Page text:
Employers nationwide are grappling with a problem that threatens to stall economic growth: vacancies -- and lots of them.
In Maine, where flurries can fall as late as April, the state transportation department is struggling to find snowplow drivers, thanks to the increasingly tight labor market. Ski resorts in the state, meanwhile, are still looking for employees to run the slopes.
Texas, too, is dealing with a labor shortage. As the price of oil climbs, drillers are ramping up production, but they need more truckers to haul it. Energy companies fear a dearth of such workers could eventually force them to limit production.
And Florida lacks the construction workers to keep up with its housing need, plus additional repairs from Hurricane Irma.
These are just a few glimpses into the country's biggest scramble for workers in decades.
The U.S. unemployment rate continues to sink, hitting a 17-year low in November (4.1 percent), and jobseekers are finding work more easily than at any time since the mid-90s. Openings in the United States have now topped roughly 6 million for five months in a row, a record streak, according to the Bureau of Labor Statistics.
Normally, such a stretch would inspire applause. But Wayne Winegarden, an economist and senior fellow at the Pacific Research Institute, a California think tank, said the trend should concern policymakers.
"If you have less labor, you're going to have less growth," he said, "unless it's compensated by more technology or higher productivity."
The labor shortage also complicates the Republican quest to create more jobs through tax cuts, said Alan Cole, an economist who studies tax policy.
"Most of the people who really wanted to get back to work -- they've already recovered from the recession," he said.
Firms that save money from the tax cuts may simply be unable to find more workers to hire at the price they are willing to pay.
Business executives have long complained about a "skills gap," or the difficulty of finding highly trained workers to fill specialized roles, he said.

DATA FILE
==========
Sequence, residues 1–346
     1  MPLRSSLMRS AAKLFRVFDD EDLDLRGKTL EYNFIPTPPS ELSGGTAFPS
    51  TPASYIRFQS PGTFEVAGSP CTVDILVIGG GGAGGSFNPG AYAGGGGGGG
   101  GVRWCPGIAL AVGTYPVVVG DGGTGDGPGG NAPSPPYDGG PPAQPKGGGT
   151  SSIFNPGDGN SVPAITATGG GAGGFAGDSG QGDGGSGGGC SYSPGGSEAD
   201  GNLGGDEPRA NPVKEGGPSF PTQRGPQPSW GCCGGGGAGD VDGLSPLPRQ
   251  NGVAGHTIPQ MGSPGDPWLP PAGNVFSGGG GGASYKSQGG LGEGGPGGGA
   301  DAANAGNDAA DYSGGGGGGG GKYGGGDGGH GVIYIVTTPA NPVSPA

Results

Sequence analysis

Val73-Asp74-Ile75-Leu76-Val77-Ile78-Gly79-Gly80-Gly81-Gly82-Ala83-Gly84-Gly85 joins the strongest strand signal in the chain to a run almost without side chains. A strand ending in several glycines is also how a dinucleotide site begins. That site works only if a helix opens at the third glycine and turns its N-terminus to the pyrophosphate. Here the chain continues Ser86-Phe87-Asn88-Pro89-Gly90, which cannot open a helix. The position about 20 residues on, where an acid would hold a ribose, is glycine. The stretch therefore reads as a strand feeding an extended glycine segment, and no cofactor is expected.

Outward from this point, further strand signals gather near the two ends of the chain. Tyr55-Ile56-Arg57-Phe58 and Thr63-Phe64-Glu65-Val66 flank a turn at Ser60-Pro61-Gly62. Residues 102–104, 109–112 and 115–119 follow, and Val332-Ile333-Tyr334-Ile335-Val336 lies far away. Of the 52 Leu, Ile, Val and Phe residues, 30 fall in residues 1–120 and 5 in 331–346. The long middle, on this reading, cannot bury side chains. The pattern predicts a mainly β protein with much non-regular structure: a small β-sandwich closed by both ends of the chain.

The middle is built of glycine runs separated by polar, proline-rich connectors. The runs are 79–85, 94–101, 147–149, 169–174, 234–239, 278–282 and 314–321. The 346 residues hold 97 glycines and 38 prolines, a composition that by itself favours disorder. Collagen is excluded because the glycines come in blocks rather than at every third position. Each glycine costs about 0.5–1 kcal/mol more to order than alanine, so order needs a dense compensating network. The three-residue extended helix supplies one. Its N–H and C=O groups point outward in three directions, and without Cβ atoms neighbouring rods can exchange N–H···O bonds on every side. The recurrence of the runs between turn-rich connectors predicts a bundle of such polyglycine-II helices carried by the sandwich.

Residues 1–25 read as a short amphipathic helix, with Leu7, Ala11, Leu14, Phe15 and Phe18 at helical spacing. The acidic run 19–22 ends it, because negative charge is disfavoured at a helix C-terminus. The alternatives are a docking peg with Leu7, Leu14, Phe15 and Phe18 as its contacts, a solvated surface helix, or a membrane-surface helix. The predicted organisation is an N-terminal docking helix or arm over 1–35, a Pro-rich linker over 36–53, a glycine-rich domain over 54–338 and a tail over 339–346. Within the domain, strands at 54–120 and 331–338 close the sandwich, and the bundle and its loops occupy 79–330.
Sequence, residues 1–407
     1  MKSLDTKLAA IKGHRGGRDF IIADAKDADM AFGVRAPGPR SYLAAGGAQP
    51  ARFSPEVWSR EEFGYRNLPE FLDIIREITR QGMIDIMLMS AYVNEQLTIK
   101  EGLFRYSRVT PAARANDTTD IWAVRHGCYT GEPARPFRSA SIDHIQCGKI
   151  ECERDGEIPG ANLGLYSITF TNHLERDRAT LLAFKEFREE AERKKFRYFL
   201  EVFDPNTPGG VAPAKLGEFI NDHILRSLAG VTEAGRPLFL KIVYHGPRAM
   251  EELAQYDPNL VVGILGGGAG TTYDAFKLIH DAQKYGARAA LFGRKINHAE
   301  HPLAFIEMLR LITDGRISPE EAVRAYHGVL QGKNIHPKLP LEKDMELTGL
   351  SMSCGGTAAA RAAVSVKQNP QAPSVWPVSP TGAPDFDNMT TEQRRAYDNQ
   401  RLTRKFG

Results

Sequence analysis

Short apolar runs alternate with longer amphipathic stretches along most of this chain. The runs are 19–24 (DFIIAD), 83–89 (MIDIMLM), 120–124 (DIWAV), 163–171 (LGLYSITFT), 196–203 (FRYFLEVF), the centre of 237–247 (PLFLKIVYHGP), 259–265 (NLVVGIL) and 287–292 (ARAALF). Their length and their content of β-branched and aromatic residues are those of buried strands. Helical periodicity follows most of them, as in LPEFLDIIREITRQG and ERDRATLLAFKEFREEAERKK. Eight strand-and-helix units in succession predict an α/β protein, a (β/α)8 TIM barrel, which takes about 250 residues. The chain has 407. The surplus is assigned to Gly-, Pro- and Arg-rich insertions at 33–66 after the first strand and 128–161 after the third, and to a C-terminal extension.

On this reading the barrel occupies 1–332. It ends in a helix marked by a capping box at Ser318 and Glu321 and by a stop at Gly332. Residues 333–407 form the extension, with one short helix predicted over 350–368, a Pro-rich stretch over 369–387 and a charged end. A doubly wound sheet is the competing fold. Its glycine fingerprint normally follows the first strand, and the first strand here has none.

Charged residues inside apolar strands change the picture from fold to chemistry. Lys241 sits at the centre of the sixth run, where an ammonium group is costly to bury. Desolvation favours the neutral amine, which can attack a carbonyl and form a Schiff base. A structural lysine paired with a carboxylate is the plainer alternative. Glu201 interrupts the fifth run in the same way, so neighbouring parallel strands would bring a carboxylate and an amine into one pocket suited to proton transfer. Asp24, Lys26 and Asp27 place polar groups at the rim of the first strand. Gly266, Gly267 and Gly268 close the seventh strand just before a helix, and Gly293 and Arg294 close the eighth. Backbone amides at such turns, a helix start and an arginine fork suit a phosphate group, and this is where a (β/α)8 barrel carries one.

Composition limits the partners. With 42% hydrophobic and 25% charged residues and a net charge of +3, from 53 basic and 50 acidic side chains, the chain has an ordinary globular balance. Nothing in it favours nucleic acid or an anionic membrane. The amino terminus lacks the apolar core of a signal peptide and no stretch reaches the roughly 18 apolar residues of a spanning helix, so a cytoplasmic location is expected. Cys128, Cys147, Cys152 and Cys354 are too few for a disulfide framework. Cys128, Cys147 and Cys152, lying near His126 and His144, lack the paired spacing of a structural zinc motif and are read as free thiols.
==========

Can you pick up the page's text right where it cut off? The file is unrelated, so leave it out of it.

That's especially true in advanced manufacturing jobs, which require some computer training. As the country tilts toward what economists call "full employment," though, practically every kind of business can hit hiring barriers. Even jobs with more basic requirements, such as a driver's license, have become harder to fill.
The American Trucking Associations recently announced the industry needs nearly 1 million new drivers over the next six years to replace retiring drivers. (Roughly 10,000 baby boomers retire every day, according to the Pew Research Center.) Raising wages, adding more generous retirement packages and recruiting more women to the male-dominated field still hasn't attracted the necessary numbers, executives have said.
In Carmel, Indiana, an Indianapolis suburb where the jobless rate is 2.8 percent, Mayor James Brainard said fast food chains have trouble attracting staffers. During the holiday season, he added, retailers struggle to hire enough part-time workers to staff the shopping rushes.
"These are good problems," he said of the tight labor market. "We need to think about how we market our region as a good place to live and work and raise one's family."
The share of Americans who are either employed or actively looking for work has also shrunk in recent years and is down to 62.7 percent, compared to 66 percent in December 2007, the start of the last economic downturn. The reason is still up for debate, but economists generally agree the tumble is troubling.
"It's way down," Winegarden said. "It has come back from the lows of the recession, but it's not where you'd expect it to be."
One potential cause, he said: The opioid epidemic, which has knocked people out of the workforce. The rise in painkiller prescriptions between 1999 and 2015 is linked to a 20 percent decrease in men's workforce participation and 25 percent in women's, Princeton researcher Alan Krueger estimated in a September study.
That adds a tangle to President Donald Trump's 2018 goals.
On Tuesday, he tweeted a prediction: "Will be a great year for Companies and JOBS!"
But the lack of available workers in some areas has already dragged down progress.
In Colorado, where the unemployment rate sits at an especially tight 2.8 percent, analysts are projecting job creation to slow next year, because companies can't find enough employees to keep growing.
"The economy is still strong here. We just don't have enough labor," Richard Wobbekind, executive director of the business research division at the University of Colorado in Boulder, told The Denver Post earlier this month.
From 2012 to 2015, employment growth in the state maintained a pace of 3 percent -- and then dropped to 2.3 percent last year and again to 2.2 percent in 2016, according to an annual report from the University of Colorado business school. Next year, state economists expect the rate to sink further to 1.8 percent.
"It will be hard to rely on in-migration to really replace these jobs," Wobbekind said. "Throw on top of that an uncertain international immigration environment and you will have tight labor markets."